Are they perfect, though? The content is informative and interesting. The presentation is engaging. The subject is well-chosen. It’s… well, they’re almost perfect. What is missing? Your course is a static object. It’s only updated …what, every few weeks? More likely, every few months or once a year? And a user with a question (we all have questions)… where does he go? Maybe he can email you, and you can get an answer. But it’s not an ideal kind of interaction.
This is the first in a series of posts about the importance of excellent audio for excellent e-Learning script development. This post concerns some tips for making a voice-over narrator’s job a bit easier and for helping you control your budget. The primary objective in preparing an e-learning script for a narrator is enabling as smooth a read as possible. Every mistake on an e-learning script or every place where something is unclear will almost certainly result in a bobble by the narrator. Every bobble by the narrator extends the amount of time and increases the dollar amount that they and the audio studio will have to charge. At a minimum of $300 per hour you can understand why we want to make the process as efficient as possible. To that end we’re providing a few suggestions for you to keep in mind as you prepare the e-learning script.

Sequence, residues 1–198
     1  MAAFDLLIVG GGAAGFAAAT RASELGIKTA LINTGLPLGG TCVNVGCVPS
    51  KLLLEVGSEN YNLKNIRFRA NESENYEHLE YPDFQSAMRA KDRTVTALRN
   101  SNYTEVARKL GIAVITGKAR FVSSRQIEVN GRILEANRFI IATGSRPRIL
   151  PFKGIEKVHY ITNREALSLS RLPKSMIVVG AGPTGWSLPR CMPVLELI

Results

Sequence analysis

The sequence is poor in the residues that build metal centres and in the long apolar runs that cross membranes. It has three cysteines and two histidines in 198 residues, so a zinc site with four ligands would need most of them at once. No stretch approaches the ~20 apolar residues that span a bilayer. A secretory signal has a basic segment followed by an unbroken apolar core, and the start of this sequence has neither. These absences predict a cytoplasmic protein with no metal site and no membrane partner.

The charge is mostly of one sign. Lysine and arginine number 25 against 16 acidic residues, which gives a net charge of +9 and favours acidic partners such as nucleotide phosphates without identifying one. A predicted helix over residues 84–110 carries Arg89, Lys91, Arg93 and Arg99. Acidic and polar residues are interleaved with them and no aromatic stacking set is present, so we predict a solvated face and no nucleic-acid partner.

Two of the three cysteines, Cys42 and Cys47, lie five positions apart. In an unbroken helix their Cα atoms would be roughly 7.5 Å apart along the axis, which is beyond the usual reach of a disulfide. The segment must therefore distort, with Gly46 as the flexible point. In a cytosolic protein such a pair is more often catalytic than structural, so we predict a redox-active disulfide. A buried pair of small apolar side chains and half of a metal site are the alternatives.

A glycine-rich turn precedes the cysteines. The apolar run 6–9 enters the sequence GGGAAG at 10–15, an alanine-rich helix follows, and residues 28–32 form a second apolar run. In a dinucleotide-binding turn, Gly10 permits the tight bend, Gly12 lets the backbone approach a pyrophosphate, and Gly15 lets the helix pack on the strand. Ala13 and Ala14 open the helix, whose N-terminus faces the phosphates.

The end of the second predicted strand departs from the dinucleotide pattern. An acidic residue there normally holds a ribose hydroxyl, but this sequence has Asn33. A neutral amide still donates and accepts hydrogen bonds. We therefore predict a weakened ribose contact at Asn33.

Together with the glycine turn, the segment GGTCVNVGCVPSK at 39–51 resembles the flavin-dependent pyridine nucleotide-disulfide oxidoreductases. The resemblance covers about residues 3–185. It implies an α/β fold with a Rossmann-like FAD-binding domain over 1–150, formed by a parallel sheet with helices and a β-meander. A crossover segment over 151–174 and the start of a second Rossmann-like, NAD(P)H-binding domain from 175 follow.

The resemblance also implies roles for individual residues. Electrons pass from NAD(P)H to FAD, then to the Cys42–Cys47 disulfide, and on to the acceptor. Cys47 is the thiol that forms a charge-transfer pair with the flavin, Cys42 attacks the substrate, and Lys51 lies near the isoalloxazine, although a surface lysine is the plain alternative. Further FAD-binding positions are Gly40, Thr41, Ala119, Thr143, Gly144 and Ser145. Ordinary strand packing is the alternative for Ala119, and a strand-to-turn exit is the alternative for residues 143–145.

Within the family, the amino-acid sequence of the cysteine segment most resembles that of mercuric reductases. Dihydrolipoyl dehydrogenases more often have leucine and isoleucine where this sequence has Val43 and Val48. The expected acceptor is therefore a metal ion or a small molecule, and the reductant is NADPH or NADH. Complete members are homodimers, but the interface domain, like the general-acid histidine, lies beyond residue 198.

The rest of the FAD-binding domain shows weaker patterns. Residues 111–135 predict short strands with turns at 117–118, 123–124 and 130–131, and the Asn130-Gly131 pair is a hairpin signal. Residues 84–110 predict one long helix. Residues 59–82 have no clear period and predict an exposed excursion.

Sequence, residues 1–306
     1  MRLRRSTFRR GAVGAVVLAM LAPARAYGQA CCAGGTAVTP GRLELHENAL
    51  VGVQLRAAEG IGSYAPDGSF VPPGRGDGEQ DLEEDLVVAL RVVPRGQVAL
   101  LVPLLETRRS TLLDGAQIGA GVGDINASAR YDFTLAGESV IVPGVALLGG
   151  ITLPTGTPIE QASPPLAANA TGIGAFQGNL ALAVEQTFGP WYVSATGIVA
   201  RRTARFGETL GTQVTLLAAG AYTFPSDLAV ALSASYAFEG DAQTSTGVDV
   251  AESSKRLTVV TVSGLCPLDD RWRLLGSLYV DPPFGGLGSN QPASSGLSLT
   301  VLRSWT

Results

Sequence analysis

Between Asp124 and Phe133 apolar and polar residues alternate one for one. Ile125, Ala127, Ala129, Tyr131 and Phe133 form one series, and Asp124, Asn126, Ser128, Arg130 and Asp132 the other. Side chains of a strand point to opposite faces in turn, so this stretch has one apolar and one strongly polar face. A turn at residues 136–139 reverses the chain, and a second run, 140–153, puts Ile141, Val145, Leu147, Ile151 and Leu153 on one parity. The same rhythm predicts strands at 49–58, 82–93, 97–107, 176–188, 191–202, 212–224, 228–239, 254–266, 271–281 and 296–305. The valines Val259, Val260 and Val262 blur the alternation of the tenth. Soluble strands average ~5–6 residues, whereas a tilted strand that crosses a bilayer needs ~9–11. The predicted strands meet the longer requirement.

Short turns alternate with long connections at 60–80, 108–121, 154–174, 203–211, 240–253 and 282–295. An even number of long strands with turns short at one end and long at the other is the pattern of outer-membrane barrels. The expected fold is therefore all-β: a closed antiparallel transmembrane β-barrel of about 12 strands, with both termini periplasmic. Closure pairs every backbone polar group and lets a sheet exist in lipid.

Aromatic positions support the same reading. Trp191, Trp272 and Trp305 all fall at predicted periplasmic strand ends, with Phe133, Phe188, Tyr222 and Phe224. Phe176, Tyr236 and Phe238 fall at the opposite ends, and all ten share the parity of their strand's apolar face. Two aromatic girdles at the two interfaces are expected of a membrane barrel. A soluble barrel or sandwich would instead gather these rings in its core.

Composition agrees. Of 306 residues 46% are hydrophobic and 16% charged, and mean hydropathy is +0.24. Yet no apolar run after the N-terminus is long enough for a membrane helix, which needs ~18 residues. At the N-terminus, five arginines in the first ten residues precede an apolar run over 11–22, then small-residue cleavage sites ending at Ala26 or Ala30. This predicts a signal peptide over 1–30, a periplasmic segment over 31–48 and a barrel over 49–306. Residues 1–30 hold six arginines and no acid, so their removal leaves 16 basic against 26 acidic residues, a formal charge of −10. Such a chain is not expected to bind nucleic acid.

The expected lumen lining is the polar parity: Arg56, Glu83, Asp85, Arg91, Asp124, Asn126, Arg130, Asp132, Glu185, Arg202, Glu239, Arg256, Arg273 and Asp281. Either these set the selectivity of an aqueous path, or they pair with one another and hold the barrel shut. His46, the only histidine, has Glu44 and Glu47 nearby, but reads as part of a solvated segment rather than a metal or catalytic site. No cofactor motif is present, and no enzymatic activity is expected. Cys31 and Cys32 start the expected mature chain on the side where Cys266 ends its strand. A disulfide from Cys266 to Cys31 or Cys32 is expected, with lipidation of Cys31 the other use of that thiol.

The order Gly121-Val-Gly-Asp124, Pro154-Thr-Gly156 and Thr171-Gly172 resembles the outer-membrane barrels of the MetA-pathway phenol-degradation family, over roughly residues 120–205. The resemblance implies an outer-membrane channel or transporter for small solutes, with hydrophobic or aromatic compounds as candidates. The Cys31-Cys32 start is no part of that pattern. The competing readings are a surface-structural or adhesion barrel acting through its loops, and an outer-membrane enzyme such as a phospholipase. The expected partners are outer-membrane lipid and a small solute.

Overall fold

Rapid eLearning tools can be rapid (sometimes) but is there any learning? While many of the new eLearning development tools like Articulate and Captivate are effective in the quick conversion of PowerPoint slides into web based SCORM content, their output is usually well… deadly. So, what is rapid eLearning good for? In her book eLearning and the Science of Instruction, Ruth Colvin Clark has a useful model for determining which type of online training is good for which goals. She puts forth the following general goals: